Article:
Super Election Year Boosts Risks of Political Violence

Businesses need to protect their people and property with continuity planning, increased security and, perhaps, relocation of inventory.

Crowd on Street

With an unprecedented "super-cycle" of elections in 2024, almost half the world’s populations will go to the polls before the year is out. According to a new report from Allianz Commercial, security is a concern in many territories, not only from the threat of localized unrest but because of the wider-reaching consequences of electoral outcomes on foreign policy, trade relations and supply chains.

The headline election will be in the U.S. in November, when a narrow result could inflame existing tensions. The European Parliament elections in June could also deepen divisions, if radical-right parties gain votes and seats. As unrest can now spread more quickly and widely, thanks in part to social media, financial costs from such events for companies and insurers are mounting. Economic and insured losses from just seven civil unrest incidents in recent years cost approximately US$13 billion. With the threat of terrorism also on the rise, and the prospect of greater disruption from environmental activists, businesses will face even more challenges in the next few years and will need to anticipate as well as mitigate evolving risks with robust business continuity planning.

So many elections in one year raise concerns about the fueling of polarization, with tensions potentially playing out in heightened civil unrest. Polarization and unrest within societies are fueled by fear. They undermine trust in institutions and challenge people’s sense of a common purpose built on shared values. We also expect to see increased unrest around environmental issues in the future, not only from activists but from those who are pushing back against government climate mitigation policies.

See also: 20 Issues to Watch in 2024

All eyes on elections in the U.S. and the E.U.

The U.S. presidential election in November is likely to be a close call, with the outcome depending on results in a handful of states. A recent poll shows that more than one third of Americans believe President Biden’s election in 2020 was not legitimate. [Editor's note: No evidence supports their belief.] Widespread disaffection among voters could be exploited by misinformation created by artificial intelligence and spread via social media. Deep fakes, disinformation and repurposed imagery, as well as customized messaging, could galvanize unrest or influence small but potentially decisive parts of electorates.

Many commentators have predicted that European Union elections in June could see a number of states politically shift to the right, with the potential for populist or far-right parties to gain votes and seats, building on a trend seen in 2023. Any success for these parties across Europe could result in growing opposition to E.U. environmental, immigration and human rights policies.

The impacts of a political shift to the right and subsequent policy changes endure long after a political party’s term in office. They fundamentally change societies and public attitudes and make the next electoral shift to the center or left seem drastic, creating the potential for schisms and potentially violent responses from those who feel underrepresented by a regime change.

Environmental activism and terrorism threat expected to rise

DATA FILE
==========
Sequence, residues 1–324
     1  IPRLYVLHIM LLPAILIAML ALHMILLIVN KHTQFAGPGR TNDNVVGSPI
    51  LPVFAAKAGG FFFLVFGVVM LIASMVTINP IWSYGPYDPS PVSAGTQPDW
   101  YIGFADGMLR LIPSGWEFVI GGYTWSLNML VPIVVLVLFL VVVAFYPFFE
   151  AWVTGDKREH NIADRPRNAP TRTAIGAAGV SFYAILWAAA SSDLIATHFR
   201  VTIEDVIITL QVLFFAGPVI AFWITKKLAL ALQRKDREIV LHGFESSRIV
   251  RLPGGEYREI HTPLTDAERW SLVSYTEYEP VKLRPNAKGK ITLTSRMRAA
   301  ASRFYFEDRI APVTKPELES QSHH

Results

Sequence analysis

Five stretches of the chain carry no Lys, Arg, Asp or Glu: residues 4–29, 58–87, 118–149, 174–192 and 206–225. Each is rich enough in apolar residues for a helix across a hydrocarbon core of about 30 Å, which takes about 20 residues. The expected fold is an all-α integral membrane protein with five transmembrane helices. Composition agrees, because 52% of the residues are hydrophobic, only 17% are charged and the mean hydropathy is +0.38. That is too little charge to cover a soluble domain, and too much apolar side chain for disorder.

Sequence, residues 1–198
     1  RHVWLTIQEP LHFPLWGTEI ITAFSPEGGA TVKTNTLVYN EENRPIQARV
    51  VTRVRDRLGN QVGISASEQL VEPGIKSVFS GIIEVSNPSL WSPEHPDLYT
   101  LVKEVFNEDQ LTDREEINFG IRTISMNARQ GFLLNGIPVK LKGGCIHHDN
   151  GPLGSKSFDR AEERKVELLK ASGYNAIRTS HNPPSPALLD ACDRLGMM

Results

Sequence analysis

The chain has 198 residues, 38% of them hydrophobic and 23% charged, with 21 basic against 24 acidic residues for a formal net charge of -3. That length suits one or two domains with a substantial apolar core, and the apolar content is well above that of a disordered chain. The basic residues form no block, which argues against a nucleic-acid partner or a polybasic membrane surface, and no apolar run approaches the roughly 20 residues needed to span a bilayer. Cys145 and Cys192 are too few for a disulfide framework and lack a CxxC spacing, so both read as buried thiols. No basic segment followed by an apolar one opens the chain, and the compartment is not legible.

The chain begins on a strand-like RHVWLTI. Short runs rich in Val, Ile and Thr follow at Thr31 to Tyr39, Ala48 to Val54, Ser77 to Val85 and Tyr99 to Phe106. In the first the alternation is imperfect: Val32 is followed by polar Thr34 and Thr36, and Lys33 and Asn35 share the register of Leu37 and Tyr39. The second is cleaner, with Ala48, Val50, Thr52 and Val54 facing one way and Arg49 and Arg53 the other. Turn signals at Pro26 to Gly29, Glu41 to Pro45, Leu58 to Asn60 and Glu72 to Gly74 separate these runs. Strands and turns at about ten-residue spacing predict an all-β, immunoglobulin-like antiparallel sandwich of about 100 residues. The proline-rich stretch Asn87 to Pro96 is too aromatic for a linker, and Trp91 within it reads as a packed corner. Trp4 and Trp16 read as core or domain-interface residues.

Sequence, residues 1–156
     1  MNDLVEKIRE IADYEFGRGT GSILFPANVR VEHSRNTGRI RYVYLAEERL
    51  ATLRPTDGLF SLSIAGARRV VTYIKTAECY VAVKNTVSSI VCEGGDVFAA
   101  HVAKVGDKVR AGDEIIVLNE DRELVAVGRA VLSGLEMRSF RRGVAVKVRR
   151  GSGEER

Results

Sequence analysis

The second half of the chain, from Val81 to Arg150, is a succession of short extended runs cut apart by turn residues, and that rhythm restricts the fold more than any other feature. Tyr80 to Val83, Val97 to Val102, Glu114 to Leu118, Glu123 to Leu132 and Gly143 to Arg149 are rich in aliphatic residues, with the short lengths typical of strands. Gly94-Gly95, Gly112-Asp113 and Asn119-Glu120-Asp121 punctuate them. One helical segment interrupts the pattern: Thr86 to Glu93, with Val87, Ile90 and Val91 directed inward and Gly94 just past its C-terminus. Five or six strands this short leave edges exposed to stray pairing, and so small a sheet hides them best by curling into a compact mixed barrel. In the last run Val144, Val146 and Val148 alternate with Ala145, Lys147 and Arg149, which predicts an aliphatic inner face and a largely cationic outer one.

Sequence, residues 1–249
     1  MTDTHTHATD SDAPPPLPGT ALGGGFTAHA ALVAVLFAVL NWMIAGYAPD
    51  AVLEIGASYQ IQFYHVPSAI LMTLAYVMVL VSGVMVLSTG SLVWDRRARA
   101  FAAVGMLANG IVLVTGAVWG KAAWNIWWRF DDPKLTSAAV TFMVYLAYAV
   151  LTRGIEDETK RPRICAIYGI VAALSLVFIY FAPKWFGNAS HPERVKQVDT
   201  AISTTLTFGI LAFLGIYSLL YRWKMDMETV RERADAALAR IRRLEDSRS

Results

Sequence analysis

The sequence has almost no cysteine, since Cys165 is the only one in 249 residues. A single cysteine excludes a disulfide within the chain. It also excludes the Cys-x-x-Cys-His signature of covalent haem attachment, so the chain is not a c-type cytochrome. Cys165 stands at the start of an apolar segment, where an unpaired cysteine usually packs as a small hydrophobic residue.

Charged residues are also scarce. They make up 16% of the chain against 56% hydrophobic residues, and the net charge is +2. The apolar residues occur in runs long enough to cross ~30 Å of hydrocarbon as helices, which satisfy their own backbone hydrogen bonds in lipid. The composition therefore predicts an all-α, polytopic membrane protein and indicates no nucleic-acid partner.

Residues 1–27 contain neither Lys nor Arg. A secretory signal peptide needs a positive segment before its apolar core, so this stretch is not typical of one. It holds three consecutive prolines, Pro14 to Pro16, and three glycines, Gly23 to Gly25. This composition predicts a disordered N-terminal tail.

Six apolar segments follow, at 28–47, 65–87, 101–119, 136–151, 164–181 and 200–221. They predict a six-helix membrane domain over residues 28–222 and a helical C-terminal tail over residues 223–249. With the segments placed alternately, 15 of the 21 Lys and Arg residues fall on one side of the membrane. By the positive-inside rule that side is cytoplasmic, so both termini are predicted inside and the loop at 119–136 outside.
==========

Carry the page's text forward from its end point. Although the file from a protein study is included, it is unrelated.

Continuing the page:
Between 2022 and 2023, environmental activism incidents increased by around 120%. An impactful example was the arson attack on an electricity pylon in Germany by a left-wing extremist group. This suspended production at a local Tesla plant in March 2024, leading to economic losses estimated in the hundreds of millions of euros, according to reports. In addition to high-profile protests, a trend toward using more targeted tactics, such as focusing on individuals or politicians, is evident. There is a chance that more environmental protests could escalate from acts of nuisance into larger criminal acts.

The number of deaths from terrorism increased 22% in 2023, and is now at its highest level since 2017, although the number of incidents fell. The major terror attack in Moscow in March is a timely reminder that the risk of politically or religiously motivated terrorism is back on the global agenda, and that the losses can be catastrophic. The primary driver of Islamist terrorism is the radicalization of home-grown perpetrators, which is currently being fueled by the Israel-Hamas war and is leading to an increased risk in the U.S. and Europe. However, government foreign policy is also a big driver of risk, as the Moscow attack proves.

See also: Top Global Business Risks in 2024

Multinational companies show increasing demand for political violence insurance

Political violence can affect businesses in many ways. Those in the immediate vicinity of unrest can suffer material damage to property or assets and business interruption losses, while indirect damage can be inflicted on companies in the form of loss of attraction or denial of access to their premises. 

Businesses need to protect their people and property with forward planning, such as ensuring safe and robust business continuity planning is in place in the event of an incident, increasing security and reducing and relocating inventory if likely to be affected by an event. Using scenario planning and tracking risks in areas key to their operations can raise businesses’ awareness of where political violence and civil unrest risks may be intensifying. Companies should also review whether their insurance policy covers the impact of risks such as strikes, riots and civil commotion.

Srdjan Todorovic

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Srdjan Todorovic

Srdjan Todorovic is head of political violence and hostile environment solutions at Allianz Commercial.


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